Each morning when Bryce Marshall went to work at Parkville Youth Justice Precinct, he knew his life was on the line.
The former prison guard says he has seen staff get their heads stomped on, eyes gouged and throats slit with a milo can.
He attributes this violence to an influx of less experienced casual employees, after upper management cut overtime costs.
“When I first started I would look around in the morning and know we had a strong, confident team. A few years later I would look around and know we were in trouble.”
Once this confidence was lost, the job began to feel increasingly dangerous.
“You need to know that if a kid is going to try to stomp on your head, another staff member is going to try to save your life,” Mr Marshall said.
This concern was raised in Parliament in March when Liberal MP Georgie Crozier questioned the Minister of Youth Affairs, Jenny Mikakos’ ability to guarantee staff safety in these centres.
Mr Marshall likens the way in which inmates see casual staff to how students see substitute teachers in high school. The lack of respect heightens the risk.
“I slowly watched it deteriorate, by the end there would be casuals supervising a shift. The whole centre was behind the eight ball.”
Twenty one year-old Keegan Danielz knows what it’s like to be behind bars.
The kitchen hand spent 10 months in Malmsbury Youth Justice Centre which he claims is run by an islander gang of inmates.
The gang would tell others to “give us all your money, you have to pay us rent,” Mr Danielz said.
When asked if the guards responded to this, Mr Danielz said “what could they do?”.
As with Parkville, Mr Danielz said many of the staff at the Malmsbury centre were young casuals.
Infrastructure is also a major safety and security concern within Victoria’s Youth Justice centres.
At Parkville Youth Justice Precinct, Mr Marshall claimed the ceilings were a huge weak point.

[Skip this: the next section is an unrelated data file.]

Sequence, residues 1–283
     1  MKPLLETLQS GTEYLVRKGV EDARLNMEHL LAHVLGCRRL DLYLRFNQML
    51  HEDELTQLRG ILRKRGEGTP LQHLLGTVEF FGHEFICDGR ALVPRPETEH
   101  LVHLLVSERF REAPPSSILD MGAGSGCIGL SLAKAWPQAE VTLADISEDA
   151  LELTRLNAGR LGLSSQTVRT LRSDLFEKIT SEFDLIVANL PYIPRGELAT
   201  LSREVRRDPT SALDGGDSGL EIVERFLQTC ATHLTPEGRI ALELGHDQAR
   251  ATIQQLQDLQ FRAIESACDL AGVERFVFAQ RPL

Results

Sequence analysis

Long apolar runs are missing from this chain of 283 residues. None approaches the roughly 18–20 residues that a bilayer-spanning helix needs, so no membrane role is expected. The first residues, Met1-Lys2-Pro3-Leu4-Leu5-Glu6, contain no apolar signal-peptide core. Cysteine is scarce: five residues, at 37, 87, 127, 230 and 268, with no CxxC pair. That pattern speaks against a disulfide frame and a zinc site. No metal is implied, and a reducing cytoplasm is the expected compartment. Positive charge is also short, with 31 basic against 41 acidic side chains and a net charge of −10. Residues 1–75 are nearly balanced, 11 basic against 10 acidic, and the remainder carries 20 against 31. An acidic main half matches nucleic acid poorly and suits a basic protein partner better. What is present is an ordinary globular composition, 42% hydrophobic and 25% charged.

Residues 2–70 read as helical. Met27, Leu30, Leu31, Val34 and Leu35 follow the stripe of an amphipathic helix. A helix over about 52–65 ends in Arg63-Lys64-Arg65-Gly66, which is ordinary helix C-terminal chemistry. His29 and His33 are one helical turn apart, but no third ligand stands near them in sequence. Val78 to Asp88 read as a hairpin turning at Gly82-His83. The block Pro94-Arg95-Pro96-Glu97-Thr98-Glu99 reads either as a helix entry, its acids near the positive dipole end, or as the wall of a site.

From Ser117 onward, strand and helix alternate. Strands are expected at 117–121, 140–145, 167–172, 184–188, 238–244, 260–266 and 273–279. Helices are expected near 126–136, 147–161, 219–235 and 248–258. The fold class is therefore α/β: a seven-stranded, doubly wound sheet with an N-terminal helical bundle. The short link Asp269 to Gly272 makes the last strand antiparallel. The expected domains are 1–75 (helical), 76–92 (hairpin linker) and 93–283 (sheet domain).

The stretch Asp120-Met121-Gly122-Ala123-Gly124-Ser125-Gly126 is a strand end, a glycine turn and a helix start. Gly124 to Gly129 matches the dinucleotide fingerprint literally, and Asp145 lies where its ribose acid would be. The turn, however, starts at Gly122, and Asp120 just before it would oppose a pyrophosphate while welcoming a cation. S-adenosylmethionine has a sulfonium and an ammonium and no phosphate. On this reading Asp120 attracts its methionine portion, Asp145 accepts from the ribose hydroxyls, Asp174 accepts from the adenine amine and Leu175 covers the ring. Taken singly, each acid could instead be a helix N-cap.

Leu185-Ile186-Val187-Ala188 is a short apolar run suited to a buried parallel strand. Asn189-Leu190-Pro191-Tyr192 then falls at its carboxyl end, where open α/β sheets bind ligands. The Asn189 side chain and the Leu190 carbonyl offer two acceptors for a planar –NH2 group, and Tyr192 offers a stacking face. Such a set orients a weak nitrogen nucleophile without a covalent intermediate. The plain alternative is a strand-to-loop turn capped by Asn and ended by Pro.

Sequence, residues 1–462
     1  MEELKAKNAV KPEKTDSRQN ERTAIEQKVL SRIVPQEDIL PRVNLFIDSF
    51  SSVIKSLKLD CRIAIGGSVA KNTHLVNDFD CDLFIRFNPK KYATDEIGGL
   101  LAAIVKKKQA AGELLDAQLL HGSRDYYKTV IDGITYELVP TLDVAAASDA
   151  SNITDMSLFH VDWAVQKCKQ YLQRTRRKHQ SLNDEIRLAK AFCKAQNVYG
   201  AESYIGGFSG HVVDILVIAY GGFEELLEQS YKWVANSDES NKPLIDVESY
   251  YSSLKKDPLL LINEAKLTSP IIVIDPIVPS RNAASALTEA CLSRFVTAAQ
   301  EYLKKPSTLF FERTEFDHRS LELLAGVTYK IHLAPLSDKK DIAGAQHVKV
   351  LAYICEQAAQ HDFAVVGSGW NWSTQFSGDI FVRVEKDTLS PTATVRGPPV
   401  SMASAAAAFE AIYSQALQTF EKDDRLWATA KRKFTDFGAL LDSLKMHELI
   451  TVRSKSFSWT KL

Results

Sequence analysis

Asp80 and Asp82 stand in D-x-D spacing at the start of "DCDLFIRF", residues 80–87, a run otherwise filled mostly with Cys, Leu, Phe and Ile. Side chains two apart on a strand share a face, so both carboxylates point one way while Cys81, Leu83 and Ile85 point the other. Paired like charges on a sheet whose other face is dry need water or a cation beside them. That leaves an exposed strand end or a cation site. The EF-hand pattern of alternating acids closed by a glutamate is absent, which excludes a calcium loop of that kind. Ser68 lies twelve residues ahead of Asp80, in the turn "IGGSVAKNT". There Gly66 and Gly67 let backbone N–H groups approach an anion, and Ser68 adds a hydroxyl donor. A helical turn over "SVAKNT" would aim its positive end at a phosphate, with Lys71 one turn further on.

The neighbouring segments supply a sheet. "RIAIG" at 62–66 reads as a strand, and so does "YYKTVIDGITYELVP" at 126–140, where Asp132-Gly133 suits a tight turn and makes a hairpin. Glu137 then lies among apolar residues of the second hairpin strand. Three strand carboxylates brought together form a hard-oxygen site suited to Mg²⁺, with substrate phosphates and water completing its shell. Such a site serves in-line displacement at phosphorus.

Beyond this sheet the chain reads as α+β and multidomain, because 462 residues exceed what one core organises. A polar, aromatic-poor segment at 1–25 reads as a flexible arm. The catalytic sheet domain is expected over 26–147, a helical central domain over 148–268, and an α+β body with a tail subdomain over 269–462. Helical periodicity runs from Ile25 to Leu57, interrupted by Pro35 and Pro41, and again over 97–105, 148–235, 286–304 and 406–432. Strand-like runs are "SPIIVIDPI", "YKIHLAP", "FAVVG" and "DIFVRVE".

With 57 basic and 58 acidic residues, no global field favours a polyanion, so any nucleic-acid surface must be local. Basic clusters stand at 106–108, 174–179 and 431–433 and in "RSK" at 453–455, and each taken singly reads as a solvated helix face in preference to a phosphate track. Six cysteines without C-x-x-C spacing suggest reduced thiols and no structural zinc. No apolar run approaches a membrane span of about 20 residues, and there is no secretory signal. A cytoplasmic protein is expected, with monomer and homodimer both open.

“The kids at night would start breaking through the roof and once they were in the roof they could start breaking other kids out.”
“The one guard on duty during the night would then have no choice but to retreat,” Mr Marshall said.
Although he left the centre 18 months ago, the ceilings are still a problem as it was reported that 20 inmates broke through them in January this year.
The low ceilings at Parkville meant the boys were able to trigger the sprinkler system, a fault they would use as a threat.
When the precinct asked for government support to fix these issues, the answer was no.
“I think this government is definitely reactive not preventative,” Mr Marshall said.
“It wasn’t until kids would break through the roof and make the front page of the newspaper, then the politicians would care and we’d get millions.”
Mr Danielz said that Code Reds, meaning fire, were constantly called at Malmsbury, even in the new lock down unit.
“You’d think a $20 million unit would be up to scratch with that stuff,” Mr Danielz said.
The Minister for Youth Affairs, Ms Mikakos, promised in Parliament that action would be taken on the infrastructure needs of the centre in Malmsbury.
However, Mr Danielz has regular contact with an inmate still in the centre who claimed nothing has changed.
Mr Danielz worked on the painting program while in the centre and was trusted with driving trucks, which even he admits was perhaps a security error.
“I would drive up to the boom gate, wave at the camera and be let through. Within 200 meters I could drive straight on to the main road and go if I wanted.”
A wheelchair bound friend of Mr Danielz even managed to escape an open unit late last year.
“That shows you the security measures,” Mr Danielz said.